I've decided to do something a little different today. I usually promote other authors or my latest releases, but while browsing the internet for romantic pictures for my publisher's GLBT day on Facebook, a random thought occurred to me...
I spend far too much time apologizing for the genres I write.
Sometimes I'm apologizing for the M/M stories, but sometimes it's because my books have become hotter over the last couple of years, and I've discovered that other authors, who at one time were my peers, my equals, now seem to look down on me, and that hurts.
Although I may endure the sting, I still can't help asking myself why I feel the need to apologize at all.
After all, I don't write erotic stories for the sex, even though sex is essential for the kind of passion I prefer to express.
I, personally, am a very passionate person and guess what? I can be a little kinky, too. Shocker, I know.
I spent over fifteen years in a marriage where I behaved accordingly as a mother and wife, but in all honesty, passion wasn't always there, though the desire to be passionate definitely was.
In later years, when I had to start over from scratch, I was able to express my inner kink and experiment.
In doing so, I proved what I knew all along... SEX is awesome, and it's even better when desires are freely expressed and one takes advantage of all the beautiful ways to please and be pleased.
Being a little freaky, or more open about sex doesn't mean I don't believe in the sanctity of marriage, the seriousness of a committed relationship, or the equal rights of any couple in love to be together in whatever way they choose or with whomever they choose. It just means that I feel a little freer to express it, and I try to do so tastefully.
Yes, the language tends to be a little rougher with my male/male stories, but in all fairness, men are different than women.
Men can, and do, say things to each other they might not say to a woman simply because most were raised to treat women differently. That's particularly true in my neck of the woods where women are southern belles and men are expected to be gentlemen.
When I write a m/m story, I prefer to let men be men and try not to mold them into the perfect mate for a woman, but instead, the perfect mate for another man. No false pretense or over-politeness for the sake of being gentlemanly. I prefer an alpha to stay alpha and it's even better if both men vie for that coveted spot of "top dog." That's just nature, folks!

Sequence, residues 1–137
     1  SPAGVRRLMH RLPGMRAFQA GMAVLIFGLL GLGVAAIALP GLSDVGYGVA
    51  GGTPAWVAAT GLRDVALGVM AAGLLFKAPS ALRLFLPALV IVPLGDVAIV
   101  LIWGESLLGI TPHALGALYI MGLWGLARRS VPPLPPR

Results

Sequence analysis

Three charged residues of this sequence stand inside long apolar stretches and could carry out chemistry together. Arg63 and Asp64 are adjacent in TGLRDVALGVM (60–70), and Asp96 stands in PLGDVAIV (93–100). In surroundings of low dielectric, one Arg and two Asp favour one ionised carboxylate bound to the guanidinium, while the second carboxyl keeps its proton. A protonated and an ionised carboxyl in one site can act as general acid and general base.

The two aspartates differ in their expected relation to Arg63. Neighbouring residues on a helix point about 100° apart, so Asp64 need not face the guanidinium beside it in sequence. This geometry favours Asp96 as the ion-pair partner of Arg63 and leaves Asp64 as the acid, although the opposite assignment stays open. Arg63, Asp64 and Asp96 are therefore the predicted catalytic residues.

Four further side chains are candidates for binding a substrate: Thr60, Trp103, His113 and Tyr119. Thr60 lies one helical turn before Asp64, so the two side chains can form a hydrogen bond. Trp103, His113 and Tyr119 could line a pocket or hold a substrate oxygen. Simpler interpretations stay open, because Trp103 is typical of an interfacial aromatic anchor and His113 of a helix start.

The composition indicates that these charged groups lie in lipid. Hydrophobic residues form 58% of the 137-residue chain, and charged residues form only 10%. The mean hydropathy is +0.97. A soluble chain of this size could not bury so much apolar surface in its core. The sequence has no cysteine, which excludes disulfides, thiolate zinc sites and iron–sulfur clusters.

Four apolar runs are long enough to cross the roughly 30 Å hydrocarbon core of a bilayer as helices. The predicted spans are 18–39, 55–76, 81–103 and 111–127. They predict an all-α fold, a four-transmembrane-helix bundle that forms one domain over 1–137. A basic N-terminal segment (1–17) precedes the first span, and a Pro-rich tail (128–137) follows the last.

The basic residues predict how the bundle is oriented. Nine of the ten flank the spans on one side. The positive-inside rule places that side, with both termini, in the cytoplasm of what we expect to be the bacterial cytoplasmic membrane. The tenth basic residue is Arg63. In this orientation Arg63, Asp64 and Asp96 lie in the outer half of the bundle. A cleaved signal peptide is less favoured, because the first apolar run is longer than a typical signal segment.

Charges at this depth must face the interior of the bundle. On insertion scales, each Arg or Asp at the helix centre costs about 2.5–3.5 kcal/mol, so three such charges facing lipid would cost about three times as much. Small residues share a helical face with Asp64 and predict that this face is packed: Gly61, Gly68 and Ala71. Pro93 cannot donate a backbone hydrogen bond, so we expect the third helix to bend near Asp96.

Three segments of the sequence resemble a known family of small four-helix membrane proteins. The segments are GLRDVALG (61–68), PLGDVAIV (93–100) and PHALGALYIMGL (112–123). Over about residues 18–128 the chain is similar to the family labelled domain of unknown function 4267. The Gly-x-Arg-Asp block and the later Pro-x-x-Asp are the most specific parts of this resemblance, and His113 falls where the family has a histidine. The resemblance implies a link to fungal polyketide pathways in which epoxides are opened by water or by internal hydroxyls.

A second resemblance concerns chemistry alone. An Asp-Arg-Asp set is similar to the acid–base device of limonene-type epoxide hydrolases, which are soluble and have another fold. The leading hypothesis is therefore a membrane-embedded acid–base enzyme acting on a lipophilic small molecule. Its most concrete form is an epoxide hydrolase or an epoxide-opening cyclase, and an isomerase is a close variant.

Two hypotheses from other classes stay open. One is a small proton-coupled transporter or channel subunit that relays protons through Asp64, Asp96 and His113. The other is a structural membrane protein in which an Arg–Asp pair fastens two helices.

When a woman is involved, she can be strong, but the man always needs to be a true hero or he loses favor with the reader and could even lose the interest of the heroine in the process, so there isn't much of a power struggle.
Whereas with two heroes...well, now you're talking a true blue, no holds barred, fight to the finish and that's hot.
So how can I apologize for something that comes naturally to me as a writer? How can I try to 'explain' my position on equal rights for everyone, especially where love is concerned? How can I expect others feel the emotion in my books, if I am untrue to the emotion I create between two lovers?(or 3 where Immortal Thirst is concerned)
And more importantly, how can I apologize for passion, no matter how naughty it gets?
The simple answer is....I won't. Not anymore.
If someone prefers reading behind closed doors sex...so be it. I'll not think less of them or consider them a prude or uptight or in any other negative way.
|by Pablo Picasso|
In return, all I ask is for the same respect to be extended to me, especially from other authors. It's no fun feeling like a outsider just because my taste in writing tends to fall outside the "box".
|by Leonardo Di Vinci|
Our differences are what makes us all so special, whether it be the way we worship, the way we raise our children, or the way we express our desires.
Someone once told me when I first began to seriously pursue writing..."Write like your mama's already dead."
Now, that piece of advice wasn't meant to be a death wish for my mother, by any means.
Instead, it was a reminder to give myself permission to write in a way where I can remain true to my muse and to my heart without fear of what others would say or think.
I'd forgotten that somewhere along the way, but now I'm back on track.